As part of our World Photography Day celebrations, we meet the new CEO of the oldest photographic society in the world – the Royal Photographic Society (RPS), established 1853. Evan Dawson (below) is only in his third week as CEO but has plenty to talk about already…
What is your background?
Most of my career so far has been in music. For the past seven years, I was CEO of Live Music Now, where we trained hundreds of professional musicians each year to work in specialist settings such as care homes, special schools and hospitals around the UK. It’s wonderful how music and the arts can inspire people and bring them together within communities, even those living in very difficult circumstances. I’m fascinated by projects like these and how their impact can be measured.
It was music that brought me to photography, initially through the work of the great David Redfern (who I met when I was a child). More recently, I’ve been photographer-in-residence at St George’s Bristol, where I’ve shot portraits of some of the world’s leading musicians and ensembles (my portfolio is here). Bristol is a great city for photography, particularly with Martin Parr being based right next door to the RPS. We’re looking forward to Bristol Photo Festival next year. When it’s possible, I do hope that many more photographers will come and visit us.
What are your priorities as CEO?
It’s been an extraordinary experience to start a new job in these ‘locked-down’ circumstances, from an empty office and gallery in Bristol. The RPS has a really dedicated, informed and witty team of staff, trustees and volunteers; as well as over 11,000 member photographers around the world. I can’t meet them all through Zoom, but I’m doing my best to get to know the organisation through its people. I’m learning how different people see the RPS and its future, before I set out my own priorities.
Currently we have a fascinating range of activities taking place; from online workshops and free talks with renowned photographers, to digital Distinctions roadshows and assessment days. There is much more to come, and I’m looking forward to the development of our online offering.
Many organisations are losing members due to Covid-19. Has the RPS done anything in particular to adapt to the changing environment over the past few months?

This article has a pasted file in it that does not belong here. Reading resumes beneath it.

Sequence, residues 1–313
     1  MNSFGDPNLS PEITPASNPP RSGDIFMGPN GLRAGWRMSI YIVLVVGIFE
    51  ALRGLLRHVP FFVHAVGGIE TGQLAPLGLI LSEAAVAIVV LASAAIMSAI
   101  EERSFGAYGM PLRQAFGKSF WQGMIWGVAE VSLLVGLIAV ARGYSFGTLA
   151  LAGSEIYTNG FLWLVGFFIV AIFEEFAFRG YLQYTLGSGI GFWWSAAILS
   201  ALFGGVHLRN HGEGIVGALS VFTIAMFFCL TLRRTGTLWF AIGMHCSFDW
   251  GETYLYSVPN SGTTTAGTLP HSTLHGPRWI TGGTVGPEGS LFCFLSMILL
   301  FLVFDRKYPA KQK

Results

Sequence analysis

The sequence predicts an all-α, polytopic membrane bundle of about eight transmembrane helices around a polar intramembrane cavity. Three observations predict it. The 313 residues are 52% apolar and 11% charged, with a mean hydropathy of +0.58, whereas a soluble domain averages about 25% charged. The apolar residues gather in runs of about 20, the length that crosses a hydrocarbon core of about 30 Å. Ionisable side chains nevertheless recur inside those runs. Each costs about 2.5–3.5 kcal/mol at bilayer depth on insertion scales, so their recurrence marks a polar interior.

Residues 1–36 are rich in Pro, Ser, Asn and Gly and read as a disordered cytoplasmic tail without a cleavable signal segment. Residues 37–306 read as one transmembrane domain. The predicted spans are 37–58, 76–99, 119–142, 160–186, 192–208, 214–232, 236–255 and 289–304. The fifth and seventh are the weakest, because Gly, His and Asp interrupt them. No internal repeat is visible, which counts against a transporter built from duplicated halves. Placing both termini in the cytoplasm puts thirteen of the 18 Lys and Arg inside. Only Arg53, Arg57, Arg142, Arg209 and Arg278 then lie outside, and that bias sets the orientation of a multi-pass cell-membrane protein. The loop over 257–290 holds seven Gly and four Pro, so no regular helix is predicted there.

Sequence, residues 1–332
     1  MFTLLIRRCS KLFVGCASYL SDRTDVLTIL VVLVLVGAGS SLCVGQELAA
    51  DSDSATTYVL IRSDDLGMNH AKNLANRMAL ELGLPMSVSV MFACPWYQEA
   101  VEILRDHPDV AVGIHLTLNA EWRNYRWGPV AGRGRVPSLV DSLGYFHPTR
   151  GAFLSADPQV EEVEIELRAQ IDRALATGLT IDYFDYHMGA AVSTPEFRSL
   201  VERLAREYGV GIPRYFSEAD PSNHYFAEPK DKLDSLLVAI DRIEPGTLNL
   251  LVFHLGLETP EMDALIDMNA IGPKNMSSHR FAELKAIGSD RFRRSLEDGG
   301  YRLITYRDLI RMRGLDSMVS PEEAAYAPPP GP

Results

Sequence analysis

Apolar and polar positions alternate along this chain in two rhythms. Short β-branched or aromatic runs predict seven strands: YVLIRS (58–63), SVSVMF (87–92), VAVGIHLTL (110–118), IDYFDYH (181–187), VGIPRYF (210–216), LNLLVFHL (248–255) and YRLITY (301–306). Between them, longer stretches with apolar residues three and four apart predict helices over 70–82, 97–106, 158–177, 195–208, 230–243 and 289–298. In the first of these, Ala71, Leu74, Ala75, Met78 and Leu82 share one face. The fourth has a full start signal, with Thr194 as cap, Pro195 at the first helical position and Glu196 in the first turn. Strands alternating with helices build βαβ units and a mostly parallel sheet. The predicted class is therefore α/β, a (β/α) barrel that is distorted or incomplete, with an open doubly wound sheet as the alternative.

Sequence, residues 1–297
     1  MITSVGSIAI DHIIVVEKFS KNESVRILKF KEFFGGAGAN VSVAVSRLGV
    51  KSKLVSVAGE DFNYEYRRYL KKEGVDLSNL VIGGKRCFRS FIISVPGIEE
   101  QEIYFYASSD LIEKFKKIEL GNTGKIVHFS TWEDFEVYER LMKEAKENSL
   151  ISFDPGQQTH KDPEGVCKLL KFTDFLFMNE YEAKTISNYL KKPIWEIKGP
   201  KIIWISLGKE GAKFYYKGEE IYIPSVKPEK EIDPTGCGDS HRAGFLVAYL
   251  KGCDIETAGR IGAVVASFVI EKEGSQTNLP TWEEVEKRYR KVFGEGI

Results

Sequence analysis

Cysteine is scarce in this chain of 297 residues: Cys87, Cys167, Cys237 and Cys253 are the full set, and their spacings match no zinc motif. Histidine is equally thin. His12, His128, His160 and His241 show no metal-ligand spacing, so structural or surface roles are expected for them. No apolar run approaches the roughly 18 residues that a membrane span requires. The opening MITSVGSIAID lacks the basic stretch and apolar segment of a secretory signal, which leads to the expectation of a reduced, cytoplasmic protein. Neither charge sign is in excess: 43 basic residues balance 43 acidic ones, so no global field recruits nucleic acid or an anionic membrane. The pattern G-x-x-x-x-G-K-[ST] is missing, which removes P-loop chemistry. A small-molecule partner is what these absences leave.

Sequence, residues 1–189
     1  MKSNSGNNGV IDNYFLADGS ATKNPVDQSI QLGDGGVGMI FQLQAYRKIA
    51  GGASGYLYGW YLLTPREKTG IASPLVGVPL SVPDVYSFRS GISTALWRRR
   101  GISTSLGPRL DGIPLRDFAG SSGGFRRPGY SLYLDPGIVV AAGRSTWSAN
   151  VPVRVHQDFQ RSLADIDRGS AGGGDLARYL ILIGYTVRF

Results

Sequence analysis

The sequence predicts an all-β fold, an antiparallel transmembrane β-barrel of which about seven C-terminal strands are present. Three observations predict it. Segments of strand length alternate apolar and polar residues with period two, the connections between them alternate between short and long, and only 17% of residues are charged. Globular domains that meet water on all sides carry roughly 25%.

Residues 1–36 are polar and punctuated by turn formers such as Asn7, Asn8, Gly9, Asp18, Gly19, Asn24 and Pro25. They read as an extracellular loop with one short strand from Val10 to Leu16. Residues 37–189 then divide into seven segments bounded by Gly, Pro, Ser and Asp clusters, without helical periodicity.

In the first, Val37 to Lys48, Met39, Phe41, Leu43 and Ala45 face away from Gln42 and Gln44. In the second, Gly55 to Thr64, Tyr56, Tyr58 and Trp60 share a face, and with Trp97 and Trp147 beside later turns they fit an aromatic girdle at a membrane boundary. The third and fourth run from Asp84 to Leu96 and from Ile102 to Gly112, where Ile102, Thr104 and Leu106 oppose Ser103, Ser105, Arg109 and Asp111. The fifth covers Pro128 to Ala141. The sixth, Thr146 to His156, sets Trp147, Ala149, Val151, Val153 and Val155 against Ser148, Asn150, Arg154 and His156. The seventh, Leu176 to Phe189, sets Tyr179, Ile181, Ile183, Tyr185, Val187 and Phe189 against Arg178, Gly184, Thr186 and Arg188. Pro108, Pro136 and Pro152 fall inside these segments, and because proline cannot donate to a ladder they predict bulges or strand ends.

Covid-19 forced the RPS to think laterally. All events and workshops were taken online, and we launched a thriving Facebook group with over 2000 members. Our online talks with photographers and bursary recipients (which are available to view on our website rps.org) have attracted up to 1000 participants, many of whom are based overseas. These are available for everyone, whether you are a member of the RPS or not.
Whilst people have been confined to their homes, many have found exciting new ways to be creative through photography – so engagement with the RPS has actually been greater than ever before.
What are your thoughts on increasing the inclusivity and diversity of RPS membership?
Inclusion within the arts has been the main theme of my career so far. If any arts organisation wants its work to be relevant, creative and exciting, then it must reflect the society around it. The RPS has more women and more BAME Distinctions assessors than ever before – but we are conscious that we have a long way to go. There are many visible and invisible barriers to joining the RPS, and we will be working hard over the coming months to make it possible for many more people to get involved with the organisation. It was founded in 1853 to make photography accessible to more people – so I hope that we can use that founding vision to help inspire and support many more people on their journey with photography. Everyone is welcome at the RPS.